For students on the go, I know it can be hard to eat a healthy, easy breakfast. This recipe is a lifesaver for me when I have an early class.
It costs me under $20 and feeds me and my boyfriend for an entire week!
What is your favorite breakfast food and why?
This seemed to be an appropriate post considering our most recent experiment in the lab. However, what distinguishes this recipe from the ingredients used to make bread in the lab is the use of baking soda as an alternative to yeast. The key difference between using yeast and baking soda in cooking is the former requires more rising “rising time” than the latter.
Discussion Question: Why does baking soda allow the bread to rise faster than yeast or sourdough? Also, how does using baking soda affect the taste? Answer both of these by explaining them on the molecular level.
My lab partner and I were really pleased by how well our bread we made in the gluten lab turned out, so I thought I’d share our recipe and some pictures. Such a shame we couldn’t taste it! As you can see, the crust was a gorgeous golden brown, firm but not crackly, about the texture of sandwich bread crust. The inside was fluffy and somewhat dense, but with lots of little air pockets.
What might some reasons be why our bread didn’t have a crisp crust? Did anyone else have particular success with their bread? Any really bad results?
Our recipe was:
125 g All-Purpose Flour
2 tsp Sugar
1/2 tsp Salt
1 tsp dry “Rapid Rise” yeast
~80 mLs of warm water (heated to ~105 degrees F)
We followed the rest of the instructions as written in the lab, including kneading for 5-8 minutes, 30 minutes to rise, and 30 minutes in a 350 degree F oven.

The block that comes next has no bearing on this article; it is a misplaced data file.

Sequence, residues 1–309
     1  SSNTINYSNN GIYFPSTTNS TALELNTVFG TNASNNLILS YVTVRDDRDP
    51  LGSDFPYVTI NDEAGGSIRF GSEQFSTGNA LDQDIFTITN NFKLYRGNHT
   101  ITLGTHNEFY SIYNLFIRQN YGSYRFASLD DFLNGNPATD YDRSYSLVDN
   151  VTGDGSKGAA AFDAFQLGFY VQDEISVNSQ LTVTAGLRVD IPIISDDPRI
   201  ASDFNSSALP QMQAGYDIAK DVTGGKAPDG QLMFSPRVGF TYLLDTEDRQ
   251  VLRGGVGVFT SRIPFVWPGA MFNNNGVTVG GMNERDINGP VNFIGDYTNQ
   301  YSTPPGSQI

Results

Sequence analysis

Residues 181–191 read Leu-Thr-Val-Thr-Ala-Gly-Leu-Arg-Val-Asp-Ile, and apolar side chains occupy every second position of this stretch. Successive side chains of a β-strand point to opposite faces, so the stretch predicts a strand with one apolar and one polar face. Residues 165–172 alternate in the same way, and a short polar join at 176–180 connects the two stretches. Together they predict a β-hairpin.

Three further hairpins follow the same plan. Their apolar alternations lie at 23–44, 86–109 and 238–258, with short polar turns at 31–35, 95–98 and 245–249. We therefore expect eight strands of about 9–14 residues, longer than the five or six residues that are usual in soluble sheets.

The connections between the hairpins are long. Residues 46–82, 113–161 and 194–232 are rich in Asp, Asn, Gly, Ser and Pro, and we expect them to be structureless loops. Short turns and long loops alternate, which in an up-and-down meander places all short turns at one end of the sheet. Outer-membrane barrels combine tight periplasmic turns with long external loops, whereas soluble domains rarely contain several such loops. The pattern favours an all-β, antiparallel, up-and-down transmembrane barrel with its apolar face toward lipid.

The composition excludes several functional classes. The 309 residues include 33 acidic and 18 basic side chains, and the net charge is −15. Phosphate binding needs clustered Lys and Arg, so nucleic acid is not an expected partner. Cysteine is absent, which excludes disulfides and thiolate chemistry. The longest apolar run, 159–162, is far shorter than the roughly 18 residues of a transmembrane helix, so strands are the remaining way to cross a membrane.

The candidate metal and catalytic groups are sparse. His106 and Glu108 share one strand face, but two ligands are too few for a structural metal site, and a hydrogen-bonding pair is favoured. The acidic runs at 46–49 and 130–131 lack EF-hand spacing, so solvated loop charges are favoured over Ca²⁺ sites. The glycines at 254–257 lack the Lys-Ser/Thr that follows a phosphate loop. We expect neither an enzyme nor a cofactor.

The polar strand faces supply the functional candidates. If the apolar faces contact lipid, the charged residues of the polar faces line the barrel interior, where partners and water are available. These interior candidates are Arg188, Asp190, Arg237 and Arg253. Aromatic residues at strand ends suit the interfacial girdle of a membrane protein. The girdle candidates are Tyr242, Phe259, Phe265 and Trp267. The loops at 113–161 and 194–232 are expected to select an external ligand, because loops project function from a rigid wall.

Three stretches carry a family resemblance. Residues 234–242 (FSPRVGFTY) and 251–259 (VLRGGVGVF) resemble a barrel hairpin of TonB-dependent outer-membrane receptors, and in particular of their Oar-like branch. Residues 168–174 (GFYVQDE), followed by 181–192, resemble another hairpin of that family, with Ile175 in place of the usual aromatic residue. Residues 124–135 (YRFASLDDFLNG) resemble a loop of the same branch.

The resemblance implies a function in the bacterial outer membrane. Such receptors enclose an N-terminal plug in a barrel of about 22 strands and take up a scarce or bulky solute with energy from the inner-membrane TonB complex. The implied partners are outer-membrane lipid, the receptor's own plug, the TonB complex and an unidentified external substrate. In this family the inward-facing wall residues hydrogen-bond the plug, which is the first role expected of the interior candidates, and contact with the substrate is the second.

As a lover of cookie and cake, I have found this website helpful a multitude of times.
It shows how different ingredients effect cookies in different ways, ensuring that you can make the perfect cookie for your personal taste!
How do you make your perfect chocolate chip cookie?!
This article describes how to put a twist on a traditional Italian dessert by replacing the usual ingredients of coffee and cocoa with an assortment of berries. However, for fans of classic tiramisu, a link to a recipe for that is provided at the bottom of the page.
Discussion Question: What factors (techniques, ingredients, etc.) contribute to the delicate texture of tiramisu? How do these factors affect the dish on a molecular level?
Do you ever feel hungry for a snack, perhaps candy, but can’t stomach processed food or refined sugar? Look no further! Here is a recipe for raw Twix bars that are oozing gooey caramel with a crunchy ‘shortbread’ base surrounded by a coating of velvety smooth chocolate — and they’re 100% raw! So get your chef hat and enjoy these (healthier) treats!
Here’s the recipe and procedure:
VANILLA COOKIE BASE
1/2 cup of cashew nuts
1/2 cup of ground almonds
1/4 cup of brown rice syrup
1 teaspoon of vanilla bean paste or extract
Pinch of pink Himalayan salt
1/2 cup of pitted dates
1/4 cup of peanut butter
1-2 tablespoons of filtered water
Pinch of pink Himalayan salt
DARK CHOCOLATE SHELL
1/3 cup of raw virgin coconut oil
2 tablespoons of raw cacao butter
1/3 cup raw cacao powder
1/4 cup of pure maple syrup
1 teaspoon of vanilla bean paste or extract
- Prepare a small brownie pan by lining it with a piece of parchment paper. If you find it sliding about too much, you can lightly grease the tin with coconut oil which will act as a slight adhesive and hold the paper in place. Please note that this recipe will make twelve small chocolate bars.
- First make the vanilla cookie base by placing the cashew nuts and ground almonds in the bowl of a food processor. Pulse the three until a coarse, dry crumb is achieved, before scooping in the brown rice syrup, vanilla, and salt, and blitzing once more until well combined and a consistent texture.